I was skinny on the outside, but fat on the inside!
My story is not overly dramatic. I didn’t have a weight issue. Since beginning my health journey it has taken so many unpredictable twist and turns, a bit like the crazy road maps of life and I have had many updates since writing this. So let’s go way back to the beginning. My eating habits and view about food, like most people, stems from what you are taught and see growing up. I have never been hugely overweight, I would joke about having a cast iron stomach when it came to food and I ate exactly what I wanted.
Life was good, most things in my adult life were slipping nicely into place and I felt good about where I was, where I was heading and to be honest didn’t really think about food and how it affected my body (other than weight) and saw food as a daily link to happiness, home, childhood and celebration. I didn’t really think much either about the family sized chocolate bar I consumed every night as I prepared dinner (yep you read right, whilst I cooked dinner). I knew, obviously, it wasn’t the smartest move, but nevertheless it had no effect on my health and had become a part of my nightly ritual.
I had been vegetarian since the age of eleven after having to write a controversial piece for my final English assignment in grade one of high school. I chose to argue that animals should not be slaughtered for food. So I suppose I have always had an ethical stance on how and where food has and should come from, and I learnt which types of foods I needed to consume to sustain a healthy body… or so I thought.
Muesli bars, juices, soy products as well as all the fruit and veg I could eat?
Being vegetarian was not an easy thing to do. I was second youngest of six and our household was always a busy kerfuffle of weekday dinners of meat and three veg (one always being creamy mashed potato). We had ‘Sunday tea’ which consisted of one of my mum’s heavenly bake ups of mince pies, sausage rolls, a huge trifle, sandwiches, vol-au-vents, chocolate biscuits and crisps. As the years went by and processed convenient foods crept in, these teas were transported into the nineties with throw-in-the oven pastry bites, frozen chocolate éclairs, cheesy biscuits, peanuts, Swiss roll, almond fingers, the list goes on, and all out of packet. For the English reader out there I was a product of the ‘Iceland’ * generation. My mum was an amazing cook, roast dinners were no exception and every week, she would still ask if I wanted ‘just a little bit of chicken,’ bless her. The plates would be piled high and again as the years went by we had ‘pudding’. These were after dinner treats of cake, jam sponge, chocolate pudding, sticky date pudding, drenched in custard or ice-cream. Packed-lunches were always a round of processed white bread with margarine (a healthier option to butter…) processed meats like polony or wedges of cheese and tomato, or pickle, followed by an individual wrapped cake and or chocolate biscuit and an apple. Yummo! School lunches (or dinners for the English) were a bigger treat of hamburgers, sausage rolls, pastries and hot chips, all washed down with juice and a pudding, tart and yep more custard!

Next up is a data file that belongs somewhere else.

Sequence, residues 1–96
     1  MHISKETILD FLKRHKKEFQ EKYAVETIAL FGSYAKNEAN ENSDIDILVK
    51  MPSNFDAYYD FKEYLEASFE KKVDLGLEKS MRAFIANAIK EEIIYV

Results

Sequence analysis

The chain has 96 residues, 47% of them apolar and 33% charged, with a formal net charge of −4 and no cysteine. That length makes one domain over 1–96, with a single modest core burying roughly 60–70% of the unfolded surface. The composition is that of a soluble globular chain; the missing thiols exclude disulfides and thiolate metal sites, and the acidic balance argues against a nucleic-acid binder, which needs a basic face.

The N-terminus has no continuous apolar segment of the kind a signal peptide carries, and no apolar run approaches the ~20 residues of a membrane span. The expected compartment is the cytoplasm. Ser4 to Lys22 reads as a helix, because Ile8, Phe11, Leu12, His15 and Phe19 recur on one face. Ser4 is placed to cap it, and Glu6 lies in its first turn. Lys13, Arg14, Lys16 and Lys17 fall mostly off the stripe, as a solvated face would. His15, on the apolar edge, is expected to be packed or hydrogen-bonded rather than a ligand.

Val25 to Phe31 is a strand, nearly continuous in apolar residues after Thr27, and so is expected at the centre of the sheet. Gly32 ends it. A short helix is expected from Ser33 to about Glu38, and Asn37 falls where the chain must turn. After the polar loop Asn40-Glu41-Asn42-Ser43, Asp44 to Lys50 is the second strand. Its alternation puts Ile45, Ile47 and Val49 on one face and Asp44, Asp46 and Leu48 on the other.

As I hit my teens and began to drink the healthier option of diet Coke at the local pub, instead of beer, again I thought my ‘healthiness halo ‘ was still intact. I didn’t understand how I began piling on the weight. I was told, “It’s hormones, puppy fat.” Little did I know I wasn’t eating enough fat or the right fats. I was fuelling my sugar addiction and paving the way for a lifestyle of fast fixes and like many of us a love/hate relationship with food.
As I hit my twenties my weight stabilised to how I was when I was younger. I wasn’t fat and as I moved non-stop most days but didn’t exercise per se, I thought I must be doing something right. I hardly got sick apart from an influx of mouth ulcers when I had over done it on the sugar. This was often. You see, I made this amazing fudge, a signature treat which family and friends would asked me to always bring to meetings, get togethers and family teas and other social gatherings. The problem with my fudge, that it tasted so good I couldn’t stop at one piece… I also made an indulgent Tiramisu, an almond slice, fruit cake, the list goes on. I was a chocoholic, a sugar head. The scary thing looking back, is that I was not alone, I was like many people still linked emotionally through tradition, love and memories to this ‘happy food.’
Now as a young mother of two I loved baking, providing my children home cooked comfort foods that in tradition we had been accustomed too. But just like lots of people out there I was sucked into the calorie fallacy, that if I burnt those calories off, I’d stay healthy and slim. I began going to the gym, started to think about what I ate, swapping white flours to whole grains, low fat yoghurts and all of the other lies that we are consistently being fed as to how we can stay healthy and fit. I drank skimmed milk, stopped sugar in my tea and coffee. I didn’t even process that the sugar I stopped adding to my tea was the same sugar I had poured it into a huge Victoria sponge cake, or tiramisu or other likewise treat. I suppose if it was hidden, out of sight, out of mind. I was a hypocrite. I can remember moaning at my mum putting sugar on everything she ate. Sugar on strawberries, in cream, her tea, even on top of her tomatoes in a sandwich. “It’s bad for you!” I’d say as I scooped up a huge bowl of creamy ‘low fat’ milky pasta or yoghurt. “It’s bad for you!” I’d say even though I had just inhaled a giant cheese straw and a chocolate bar on the way home from the gym. I also secretly completely understood why my mum put sugar in her Doctor Pepper to “take the fizz away”. I loved flat Coke. My mum said it gave her energy; this is what many people believed growing up after the war. My mum was tall, beautiful and slim. She had loads of energy, looked younger than her years and she went dancing with my dad sometimes five nights a week at various country music clubs, so again maybe she was ok because she was burning off the fat? It seemed to be working for her.